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Oman is a varied country with much to offer to tourists: from landscapes out of an Arabian Nights’ tale to head-spinning shopping in major cities and waterfalls in the south, this country on the Persian Gulf has something for everyone.
Although luxury and adrenaline seekers alike have already discovered this enchanting corner of the world, there’s a category of explorers that might have, so far, overlooked Oman: female solo travelers.
However, they are missing out on the chance to live an unforgettable experience in a safe and friendly community.
Is Oman Safe for Ladies?
Tourists will be glad to learn that Oman is an extremely safe country. So much so that in its 2019 report, the World Economic Forum ranked it 3rd in the list of safest countries in the world. And according to the World Terror Index, Oman has a risk score of 0.
Thanks to its efficient law enforcement system, crime rates are extremely low and as confirmed by Assistant Attorney General Dr Ahmed bin Said Al Shukaily in 2019, have been dropping consistently for the past 4 years.
Laws are very strict and punishment for violent crimes like murder or rape is the death penalty. Finally, the majority of female travelers report that they were not harassed during their time in Oman.
Although petty crime is much lower than in most countries around the world, female travelers can follow the below common safety tips while discovering Oman, such as:
- Avoid walking alone in poor-lit streets at night, especially outside the city center
- Keep valuables close and don’t flash expensive items (like cameras and jewelry) in public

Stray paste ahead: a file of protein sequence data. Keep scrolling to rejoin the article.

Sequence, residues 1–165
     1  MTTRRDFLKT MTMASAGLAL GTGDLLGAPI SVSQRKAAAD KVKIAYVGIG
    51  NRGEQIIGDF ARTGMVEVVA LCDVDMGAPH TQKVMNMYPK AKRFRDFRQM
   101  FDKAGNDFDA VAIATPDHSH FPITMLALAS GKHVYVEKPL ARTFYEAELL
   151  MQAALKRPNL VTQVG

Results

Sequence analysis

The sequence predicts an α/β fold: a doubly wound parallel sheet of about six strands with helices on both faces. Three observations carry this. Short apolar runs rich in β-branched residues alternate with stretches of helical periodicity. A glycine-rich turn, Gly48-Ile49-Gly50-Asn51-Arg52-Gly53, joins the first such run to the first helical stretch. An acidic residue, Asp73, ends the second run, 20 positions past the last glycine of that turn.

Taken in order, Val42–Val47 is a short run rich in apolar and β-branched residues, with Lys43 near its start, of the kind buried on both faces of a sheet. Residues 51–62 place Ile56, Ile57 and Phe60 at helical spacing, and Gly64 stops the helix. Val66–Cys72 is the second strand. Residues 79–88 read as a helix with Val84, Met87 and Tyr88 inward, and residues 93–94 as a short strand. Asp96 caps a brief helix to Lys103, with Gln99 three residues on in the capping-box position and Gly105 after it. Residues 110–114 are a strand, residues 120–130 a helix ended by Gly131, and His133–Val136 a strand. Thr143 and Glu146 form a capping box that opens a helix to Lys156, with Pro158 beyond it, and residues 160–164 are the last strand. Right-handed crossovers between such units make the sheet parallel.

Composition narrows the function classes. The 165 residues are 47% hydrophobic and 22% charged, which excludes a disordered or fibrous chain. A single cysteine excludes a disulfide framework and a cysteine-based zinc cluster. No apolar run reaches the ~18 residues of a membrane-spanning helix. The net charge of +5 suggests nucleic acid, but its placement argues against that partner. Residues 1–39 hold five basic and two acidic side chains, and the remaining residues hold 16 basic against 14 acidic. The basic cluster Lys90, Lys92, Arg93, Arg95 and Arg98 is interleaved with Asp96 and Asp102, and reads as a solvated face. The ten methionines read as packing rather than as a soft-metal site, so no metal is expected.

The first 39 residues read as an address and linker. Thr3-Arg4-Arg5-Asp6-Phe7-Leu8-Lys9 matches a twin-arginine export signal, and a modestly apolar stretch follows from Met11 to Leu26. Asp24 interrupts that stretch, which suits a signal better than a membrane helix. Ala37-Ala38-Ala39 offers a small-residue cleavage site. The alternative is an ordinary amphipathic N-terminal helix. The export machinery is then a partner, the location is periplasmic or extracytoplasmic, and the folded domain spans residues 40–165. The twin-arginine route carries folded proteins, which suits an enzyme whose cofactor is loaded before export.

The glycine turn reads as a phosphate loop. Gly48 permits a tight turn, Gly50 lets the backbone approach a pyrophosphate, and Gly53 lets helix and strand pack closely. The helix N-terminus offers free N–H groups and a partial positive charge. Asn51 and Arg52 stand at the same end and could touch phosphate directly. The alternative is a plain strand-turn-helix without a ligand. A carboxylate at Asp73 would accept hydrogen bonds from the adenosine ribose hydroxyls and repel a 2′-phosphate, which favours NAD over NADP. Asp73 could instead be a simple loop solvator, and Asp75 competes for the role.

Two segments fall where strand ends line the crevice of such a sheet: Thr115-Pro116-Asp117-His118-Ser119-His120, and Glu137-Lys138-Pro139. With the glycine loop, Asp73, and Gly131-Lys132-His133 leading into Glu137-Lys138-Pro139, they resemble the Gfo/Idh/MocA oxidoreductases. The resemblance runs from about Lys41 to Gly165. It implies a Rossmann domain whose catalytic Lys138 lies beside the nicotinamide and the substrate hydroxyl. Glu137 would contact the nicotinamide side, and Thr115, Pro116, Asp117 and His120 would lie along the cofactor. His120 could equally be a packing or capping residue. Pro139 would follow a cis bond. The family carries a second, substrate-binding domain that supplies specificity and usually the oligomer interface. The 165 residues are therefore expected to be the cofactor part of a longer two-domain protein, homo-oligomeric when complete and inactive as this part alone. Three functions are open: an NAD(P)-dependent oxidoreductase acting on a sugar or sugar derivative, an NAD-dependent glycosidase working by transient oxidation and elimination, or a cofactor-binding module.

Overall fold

- Keep your cash and credit cards in different pockets or bags
Do You Have to Wear a Headscarf in Oman?
This is a common question among women who intend to visit a Middle Eastern or Muslim country. The quick answer is no, you are in no way expected to cover your head while walking around Oman.
Although the Sultanate can be considered conservative by Western standards, the dress code in Oman is not as strict as many foreigners think, check it out here. Omani are welcoming people who understand that foreigners come from communities with different customs and traditions.
That said, showing respect for the local values will be greatly appreciated by Omanis. That may include, for example, not showing excessive cleavage and covering your shoulders and legs.
Revealing swimwear like bikinis is a no-no on the stunning Omani beaches and mosques and other religious sites are where one should wear the most conservative clothes, including a headscarf.
In general, there is no need to worry too much about the dress code: a cultural faux pas will not get you in trouble and people are unlikely to make comments.
Meeting People in Oman
Exploring alone can feel, well, lonely. Fortunately, solo travelers will have an easy time in Oman.
Like most Middle Eastern cultures, they are warm and amicable people and once you get to know them, you’re likely to receive an invitation for a meal or a cup of tea.
Good ways to meet Omani women are:
- Female homestays and similar accommodation
- The women’s section in restaurants and cafes
On the other hand, foreign women worried about attracting too much male attention will be surprised by how rarely they’ll be approached or even looked at. The local laws are so strict that causing offense can, in many circumstances, be considered a crime.
Moreover, Omanis are used to tourism and the community of expats is on the rise in the country. Locals are acutely aware of cultural differences and much less surprised by foreign women traveling alone than other Middle Eastern communities might be.
Do Omanis Speak English?
It’s good to know that you can rely on the help of locals in case you need it, or even just get some insider tips on what to see next. It’s then natural to wonder whether Omanis speak English.
Omanis are not only extremely friendly people, but also skilled English speakers. In fact, English is the most widely spoken second language in Oman after Arabic, the official language of the Sultanate.
Pupils are instructed in English from a very young age. You can expect posters, signs, and notices in English on Omani streets and most people will be able to understand you.
Susan Noel is an experienced content writer. She is associated with many renowned travel blogs as a guest author where she shares her travel experience with the audience.